Submitted: January 24, 2018
REPORT AND RECOMMENDATION THAT DEFENDANT'S MOTION FOR
POSTCONVICTION RELIEF SHOULD BE DENIED.
Vella, Esquire, Deputy Attorney General, Department of
Justice, Wilmington, Delaware, Attorney for the State.
Patrick J. Collins, Esquire and Matthew C. Buckworth,
Esquire, Collins & Associates, Attorneys for Defendant
16th day of March, 2018, upon consideration of
Defendant's Motion for Postconviction Relief, it appears
to the Court as follows:
November 18, 2010, Defendant Andre McDougal was observed by
police engaging in a hand-to-hand drug transaction. Over 2.5
grams of heroin and a handgun were found near McDougal and he
was charged with various drug and weapon crimes.
time of the November 18, 2010 incident, McDougal was on
probation for a manslaughter conviction. This incident led to
a violation of that probation ("VOP"). The VOP
hearing was held first. Following the VOP hearing, McDougal
was found to have committed a VOP as a result of this
incident and he was sentenced to 15 years of incarceration.
already secured a 15-year prison term on the VOP, the State
offered McDougal a plea deal with a three-year prison
sentence recommendation, which the State later lowered to a
two-year sentence recommendation.
despite McDougal's counsel's warning that McDougal
could be sentenced as a habitual offender and facing life
sentences if he was convicted at trial of any of the felony
charges, and despite counsel's urging to accept the plea
deal, McDougal continued to refuse to accept the plea offer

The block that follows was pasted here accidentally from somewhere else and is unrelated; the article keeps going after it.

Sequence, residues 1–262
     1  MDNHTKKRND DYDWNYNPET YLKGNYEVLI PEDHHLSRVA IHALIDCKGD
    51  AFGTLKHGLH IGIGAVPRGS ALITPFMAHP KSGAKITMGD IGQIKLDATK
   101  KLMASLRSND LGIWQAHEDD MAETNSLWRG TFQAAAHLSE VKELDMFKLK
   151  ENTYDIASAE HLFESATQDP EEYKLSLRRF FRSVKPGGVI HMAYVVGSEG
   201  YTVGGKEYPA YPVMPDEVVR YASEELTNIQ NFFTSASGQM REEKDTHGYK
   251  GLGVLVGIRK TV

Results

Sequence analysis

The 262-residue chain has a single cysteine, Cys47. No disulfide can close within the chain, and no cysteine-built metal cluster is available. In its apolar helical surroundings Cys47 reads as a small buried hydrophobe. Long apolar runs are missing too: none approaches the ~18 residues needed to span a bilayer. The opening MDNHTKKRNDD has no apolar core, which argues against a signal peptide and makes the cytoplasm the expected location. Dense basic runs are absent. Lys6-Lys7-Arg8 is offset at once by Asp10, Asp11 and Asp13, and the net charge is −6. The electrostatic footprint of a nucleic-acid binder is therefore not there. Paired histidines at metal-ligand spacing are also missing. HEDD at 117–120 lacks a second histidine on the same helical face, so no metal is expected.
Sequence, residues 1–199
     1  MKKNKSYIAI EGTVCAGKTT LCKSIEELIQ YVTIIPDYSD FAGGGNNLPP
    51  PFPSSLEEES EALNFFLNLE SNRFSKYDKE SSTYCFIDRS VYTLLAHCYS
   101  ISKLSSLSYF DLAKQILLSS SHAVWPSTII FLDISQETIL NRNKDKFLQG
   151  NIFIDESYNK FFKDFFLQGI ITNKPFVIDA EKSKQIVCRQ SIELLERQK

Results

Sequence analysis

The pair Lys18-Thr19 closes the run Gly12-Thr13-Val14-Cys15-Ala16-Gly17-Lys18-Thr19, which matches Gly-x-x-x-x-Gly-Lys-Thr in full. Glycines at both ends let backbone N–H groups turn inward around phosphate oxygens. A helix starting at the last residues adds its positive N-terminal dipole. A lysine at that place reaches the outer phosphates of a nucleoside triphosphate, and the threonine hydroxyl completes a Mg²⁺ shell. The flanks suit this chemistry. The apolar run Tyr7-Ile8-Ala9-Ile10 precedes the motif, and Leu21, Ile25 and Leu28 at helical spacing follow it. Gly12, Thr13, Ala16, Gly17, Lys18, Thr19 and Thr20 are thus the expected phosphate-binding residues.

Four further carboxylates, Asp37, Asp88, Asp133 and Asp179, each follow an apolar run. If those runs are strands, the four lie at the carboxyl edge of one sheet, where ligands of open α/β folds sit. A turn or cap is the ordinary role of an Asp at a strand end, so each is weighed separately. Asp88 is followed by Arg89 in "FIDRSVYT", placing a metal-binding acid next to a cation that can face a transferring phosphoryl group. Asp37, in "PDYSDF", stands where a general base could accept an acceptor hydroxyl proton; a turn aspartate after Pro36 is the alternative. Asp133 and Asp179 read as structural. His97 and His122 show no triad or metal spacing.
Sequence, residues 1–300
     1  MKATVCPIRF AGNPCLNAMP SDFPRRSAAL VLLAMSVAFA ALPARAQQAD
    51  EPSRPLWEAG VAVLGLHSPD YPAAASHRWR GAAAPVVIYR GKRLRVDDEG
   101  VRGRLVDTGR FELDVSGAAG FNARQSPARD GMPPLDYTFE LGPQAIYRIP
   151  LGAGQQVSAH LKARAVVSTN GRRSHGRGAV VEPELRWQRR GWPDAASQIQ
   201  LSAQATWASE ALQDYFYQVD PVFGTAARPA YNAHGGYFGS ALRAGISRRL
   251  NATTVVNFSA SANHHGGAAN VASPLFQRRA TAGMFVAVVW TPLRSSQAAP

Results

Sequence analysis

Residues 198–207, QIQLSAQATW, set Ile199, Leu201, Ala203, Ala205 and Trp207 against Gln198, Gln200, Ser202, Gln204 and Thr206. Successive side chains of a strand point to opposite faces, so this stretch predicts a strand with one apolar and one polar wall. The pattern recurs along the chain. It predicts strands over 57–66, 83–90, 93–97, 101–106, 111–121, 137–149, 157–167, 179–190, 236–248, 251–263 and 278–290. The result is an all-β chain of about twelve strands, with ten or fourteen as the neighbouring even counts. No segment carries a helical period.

and proceeded to trial.
jury trial consisted of two witnesses, both police officers.
They testified as to the drug transaction that was observed
and the subsequent search of the area that led to the
discovery of the heroin and firearm. Following the trial,
McDougal was convicted of trafficking in heroin and
possession with intention to deliver, and one weapon charge.
McDougal was acquitted of the additional weapon charges.
State, which was satisfied pre-trial with a 17-18 prison term
for the incident at issue (15 years on the VOP and an
additional 2-3 years in this case), following trial, moved to
have McDougal declared a habitual offender on all three of
the convictions and as a result he was sentenced to two life
sentences on the drug convictions plus an additional 5 years
on the weapon conviction.
is now serving a total of two life sentences plus 20 years
(15 years on the VOP and 5 additional years on the underlying
weapon conviction), rather than a 17-18 prison term he would
be serving had he accepted the plea offer.